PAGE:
I picked Engineering for no particular reason. I never had prior experience with building or coding. My school didn’t have anything close to 3-D printers…
This summer, in a bid to take my mind off the interminable tropical heat, I decided to teach myself chess.
Armed with a rudimentary grasp of how the pieces move around, I opened up a computer chess game. After five or six futile attempts at beating the computer, I slammed my laptop shut in a fit of exasperation and brooded for several minutes.
I clearly couldn't take on the toughest game level only knowing whether a piece moves orthogonally or diagonally.
Chess is a game considered to engage the highest of human intellectual capabilities. The elegant strategies, the intricate manoeuvres, and the odd creative gambles celebrate the triumph that is human intelligence. Thus, chess would be the ideal yardstick to measure just how smart and, in a manner, how human a machine can be.
That is why, forty years ago, there was a mad rush to build a computer program that could play chess. Your computer can’t play chess and beat a human at it? Then it’s probably not advanced enough to be considered artificially intelligent.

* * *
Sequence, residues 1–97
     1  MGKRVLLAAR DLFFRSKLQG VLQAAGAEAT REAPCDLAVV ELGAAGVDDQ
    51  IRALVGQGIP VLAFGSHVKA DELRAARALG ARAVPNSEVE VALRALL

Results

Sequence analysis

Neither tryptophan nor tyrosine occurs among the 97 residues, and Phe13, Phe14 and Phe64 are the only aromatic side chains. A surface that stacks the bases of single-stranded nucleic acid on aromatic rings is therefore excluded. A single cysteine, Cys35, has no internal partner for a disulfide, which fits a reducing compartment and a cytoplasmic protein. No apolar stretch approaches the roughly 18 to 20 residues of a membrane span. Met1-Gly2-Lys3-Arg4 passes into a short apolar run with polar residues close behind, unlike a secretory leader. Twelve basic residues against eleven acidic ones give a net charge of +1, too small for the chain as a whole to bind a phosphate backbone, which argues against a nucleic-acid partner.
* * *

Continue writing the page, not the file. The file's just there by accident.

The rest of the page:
Except, computers eventually did beat us human players. And not just your average high school chess aficionado. In 1996, the IBM Deep Blue computer defeated the reigning world champion, and one of the greatest chess players of all time, Garry Kasparov.
Thus began a mad scramble to figure out a new measure of human intelligence, and by abstraction, of humanity itself. We homo sapiens are unique because of our superior minds. If the defining features of a human mind, its rationality and ingenuity, can be learned by a mass of electronic circuitry and then be used to beat a chess Grandmaster, surely that is not what defines us?
We have Siri and Cleverbot happily chatting away with curious - and perhaps somewhat lonely - human beings from across the globe. We have computer programs that write poetry and paint surreal electronic pictures. We have cars that drive themselves and robots that perform delicate brain surgery. So, if it’s not just our logic and our creativity, what is it that makes us human and them mere machines?
Perhaps it’s the way that when I finally beat my computer at a chess game some days later, it couldn’t slam itself shut in exasperation and brood about its incompetence.